The mechanical bank works well. William Tells head moves; his right foot controls the release of the arrow; when William Tell’s young son wears the apple, the childs arms are by his side. Place a coin on the crossbow, pull back the triangle (the arrow) and press Tells right foot: the coin flies toward the apple the apple disappears, the son raises his right arm in victorious celebration, and the coin is deposited with the Ding! Sound of a bell. On the underside is the original metal coin cover: the round piece easily turns and comes out to release the coins, and just as easily re-inserts and stays closed. Photos 6, 7, and 8 show a dime placed on the crossbow; the dime flying toward to the apple; the child’s right arm up. The cast iron bank demonstrates William Tells expertise with the crossbow (not a rifle as others state). Swiss folk hero William Tells rebellion against the Hapsburg rule led to his capture in 1307. His punishment: To shoot an apple, placed on his young sons head, with a single arrow. If William Tell missed, he and his son would be immediately executed. William Tell, of course, did not miss and the legend of William Tell, founder of Switzerland’s independence, lives on! The Stevens Company, founded in the 1800s in Cromwell, Connecticut, quickly grew famous for its cast iron mechanical banks. Today, as collectors well know, it is rare to find an intact, fully functional authentic Stevens bank. Dimensions : 6.5H x 11W x 4D. Weight : 3.80 lbs. Please send us a message, and we will promptly reply. The item “J & E Stevens Cast Iron Fully Functional WILLIAM TELL Mechanical Bank Dated 1886″ is in sale since Thursday, August 1, 2019. This item is in the category “Collectibles\Banks, Registers & Vending\Mechanical Banks”. The seller is “supermall” and is located in Cincinnati, Ohio. This item can be shipped worldwide.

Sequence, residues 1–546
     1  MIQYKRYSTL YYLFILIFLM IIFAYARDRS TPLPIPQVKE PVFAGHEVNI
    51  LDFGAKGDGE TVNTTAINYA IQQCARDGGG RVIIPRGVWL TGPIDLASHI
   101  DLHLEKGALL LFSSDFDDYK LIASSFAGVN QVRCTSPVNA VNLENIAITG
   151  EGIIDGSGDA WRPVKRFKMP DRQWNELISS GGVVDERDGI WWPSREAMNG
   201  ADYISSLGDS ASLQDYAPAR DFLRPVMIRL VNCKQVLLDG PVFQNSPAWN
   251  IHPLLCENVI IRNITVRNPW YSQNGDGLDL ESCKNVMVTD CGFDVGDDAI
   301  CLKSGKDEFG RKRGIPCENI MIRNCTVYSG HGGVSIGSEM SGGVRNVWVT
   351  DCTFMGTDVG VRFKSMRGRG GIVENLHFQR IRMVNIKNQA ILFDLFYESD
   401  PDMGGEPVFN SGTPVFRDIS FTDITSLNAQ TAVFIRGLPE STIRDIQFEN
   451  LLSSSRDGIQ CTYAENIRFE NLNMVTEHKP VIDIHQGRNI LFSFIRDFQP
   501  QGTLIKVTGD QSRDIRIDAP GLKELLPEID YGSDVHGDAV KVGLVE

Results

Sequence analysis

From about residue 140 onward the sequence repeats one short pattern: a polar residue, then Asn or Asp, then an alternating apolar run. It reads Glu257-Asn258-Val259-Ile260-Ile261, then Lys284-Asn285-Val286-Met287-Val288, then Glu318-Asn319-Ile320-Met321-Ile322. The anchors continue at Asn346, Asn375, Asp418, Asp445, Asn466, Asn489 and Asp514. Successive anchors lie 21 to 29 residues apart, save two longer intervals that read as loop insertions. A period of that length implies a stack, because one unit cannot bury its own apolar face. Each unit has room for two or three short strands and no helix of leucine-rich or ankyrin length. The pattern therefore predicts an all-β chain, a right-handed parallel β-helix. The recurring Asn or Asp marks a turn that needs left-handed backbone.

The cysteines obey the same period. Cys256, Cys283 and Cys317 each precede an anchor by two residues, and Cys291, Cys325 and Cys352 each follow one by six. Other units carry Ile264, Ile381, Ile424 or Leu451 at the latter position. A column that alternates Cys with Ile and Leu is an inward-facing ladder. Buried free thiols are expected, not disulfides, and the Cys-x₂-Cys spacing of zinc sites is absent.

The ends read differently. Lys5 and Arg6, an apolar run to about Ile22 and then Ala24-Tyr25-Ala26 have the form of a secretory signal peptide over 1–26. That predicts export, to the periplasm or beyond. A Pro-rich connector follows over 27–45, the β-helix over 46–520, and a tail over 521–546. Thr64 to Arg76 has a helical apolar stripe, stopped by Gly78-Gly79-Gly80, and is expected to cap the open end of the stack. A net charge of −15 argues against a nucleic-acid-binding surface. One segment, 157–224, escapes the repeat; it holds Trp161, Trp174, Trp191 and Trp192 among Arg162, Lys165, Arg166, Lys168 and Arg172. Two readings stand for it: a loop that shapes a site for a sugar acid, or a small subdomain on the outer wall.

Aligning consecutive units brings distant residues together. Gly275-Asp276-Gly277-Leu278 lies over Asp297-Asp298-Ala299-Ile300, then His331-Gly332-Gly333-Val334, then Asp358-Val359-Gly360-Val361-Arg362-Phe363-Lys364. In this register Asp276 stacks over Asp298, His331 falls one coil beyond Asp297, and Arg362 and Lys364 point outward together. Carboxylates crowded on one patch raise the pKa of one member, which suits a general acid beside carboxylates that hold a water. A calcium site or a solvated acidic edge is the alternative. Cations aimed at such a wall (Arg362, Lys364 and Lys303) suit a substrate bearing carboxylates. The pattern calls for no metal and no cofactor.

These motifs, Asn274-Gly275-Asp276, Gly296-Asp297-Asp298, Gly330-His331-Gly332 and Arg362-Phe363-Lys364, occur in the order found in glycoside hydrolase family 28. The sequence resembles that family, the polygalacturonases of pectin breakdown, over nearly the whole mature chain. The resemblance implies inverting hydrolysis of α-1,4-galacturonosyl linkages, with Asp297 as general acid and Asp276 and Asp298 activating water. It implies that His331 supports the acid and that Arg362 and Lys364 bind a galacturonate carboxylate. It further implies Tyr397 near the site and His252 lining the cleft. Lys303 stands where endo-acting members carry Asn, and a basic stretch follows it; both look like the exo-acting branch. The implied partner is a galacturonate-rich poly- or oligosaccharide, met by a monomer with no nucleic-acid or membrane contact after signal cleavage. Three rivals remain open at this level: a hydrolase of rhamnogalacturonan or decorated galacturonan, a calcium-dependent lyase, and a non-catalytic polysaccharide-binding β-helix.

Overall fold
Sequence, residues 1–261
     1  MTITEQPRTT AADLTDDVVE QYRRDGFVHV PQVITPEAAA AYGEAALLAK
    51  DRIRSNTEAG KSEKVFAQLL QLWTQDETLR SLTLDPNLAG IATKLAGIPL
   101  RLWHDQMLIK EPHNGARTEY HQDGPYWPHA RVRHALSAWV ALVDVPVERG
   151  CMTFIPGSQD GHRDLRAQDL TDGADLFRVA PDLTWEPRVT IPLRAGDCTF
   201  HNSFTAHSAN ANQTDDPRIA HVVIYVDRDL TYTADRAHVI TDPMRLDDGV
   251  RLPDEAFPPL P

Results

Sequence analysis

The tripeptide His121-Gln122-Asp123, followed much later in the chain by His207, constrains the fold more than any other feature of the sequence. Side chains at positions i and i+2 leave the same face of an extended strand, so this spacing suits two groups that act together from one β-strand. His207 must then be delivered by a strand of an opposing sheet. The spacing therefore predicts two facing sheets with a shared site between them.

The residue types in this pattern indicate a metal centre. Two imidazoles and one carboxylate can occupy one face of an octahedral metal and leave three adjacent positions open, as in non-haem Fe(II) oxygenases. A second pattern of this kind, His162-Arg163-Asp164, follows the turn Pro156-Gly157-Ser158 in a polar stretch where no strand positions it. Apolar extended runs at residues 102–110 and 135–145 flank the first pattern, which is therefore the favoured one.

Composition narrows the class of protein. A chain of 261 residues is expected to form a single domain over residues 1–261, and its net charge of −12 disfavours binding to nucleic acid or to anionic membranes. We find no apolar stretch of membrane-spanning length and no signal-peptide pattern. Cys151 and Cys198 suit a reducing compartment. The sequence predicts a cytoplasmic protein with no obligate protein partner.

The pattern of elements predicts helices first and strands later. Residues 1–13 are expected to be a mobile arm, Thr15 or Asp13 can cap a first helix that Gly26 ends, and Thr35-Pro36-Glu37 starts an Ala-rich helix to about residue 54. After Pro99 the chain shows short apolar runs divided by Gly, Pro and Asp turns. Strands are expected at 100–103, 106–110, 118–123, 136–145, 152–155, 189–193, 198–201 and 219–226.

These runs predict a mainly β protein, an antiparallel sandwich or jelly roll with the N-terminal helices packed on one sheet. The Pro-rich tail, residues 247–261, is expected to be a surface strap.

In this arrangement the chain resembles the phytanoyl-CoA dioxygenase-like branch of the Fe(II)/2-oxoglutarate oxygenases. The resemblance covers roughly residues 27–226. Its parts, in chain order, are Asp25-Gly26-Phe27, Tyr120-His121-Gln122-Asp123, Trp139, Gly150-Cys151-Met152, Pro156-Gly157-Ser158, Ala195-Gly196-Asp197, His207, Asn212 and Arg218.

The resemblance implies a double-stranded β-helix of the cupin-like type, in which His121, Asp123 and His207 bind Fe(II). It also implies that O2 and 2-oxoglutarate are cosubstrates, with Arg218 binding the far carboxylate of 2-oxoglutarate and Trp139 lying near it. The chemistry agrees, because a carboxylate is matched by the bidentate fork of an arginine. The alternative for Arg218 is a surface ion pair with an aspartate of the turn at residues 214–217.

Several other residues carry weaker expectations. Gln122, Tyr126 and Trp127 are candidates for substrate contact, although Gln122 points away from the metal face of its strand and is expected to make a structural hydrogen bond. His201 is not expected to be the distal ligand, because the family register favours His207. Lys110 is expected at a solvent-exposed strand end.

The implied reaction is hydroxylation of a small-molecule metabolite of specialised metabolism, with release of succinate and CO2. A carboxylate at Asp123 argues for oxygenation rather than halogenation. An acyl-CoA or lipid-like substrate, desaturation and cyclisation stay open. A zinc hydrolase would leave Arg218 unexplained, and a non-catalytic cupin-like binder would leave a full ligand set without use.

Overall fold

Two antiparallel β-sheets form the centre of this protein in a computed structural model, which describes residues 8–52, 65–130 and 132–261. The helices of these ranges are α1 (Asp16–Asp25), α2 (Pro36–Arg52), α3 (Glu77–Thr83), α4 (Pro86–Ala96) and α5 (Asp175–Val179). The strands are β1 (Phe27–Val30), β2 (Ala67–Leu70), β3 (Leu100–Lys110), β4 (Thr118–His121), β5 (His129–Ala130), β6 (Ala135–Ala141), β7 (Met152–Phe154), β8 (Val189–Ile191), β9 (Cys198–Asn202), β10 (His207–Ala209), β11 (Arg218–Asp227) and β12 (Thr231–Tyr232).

- Modified Item: No
- Country/Region of Manufacture: United States
- Original/Reproduction: Original
- Brand: J & E Stevens
- Featured Refinements: Cast Iron Mechanical Bank
- City & State of production: Cromwell, Connecticut 1896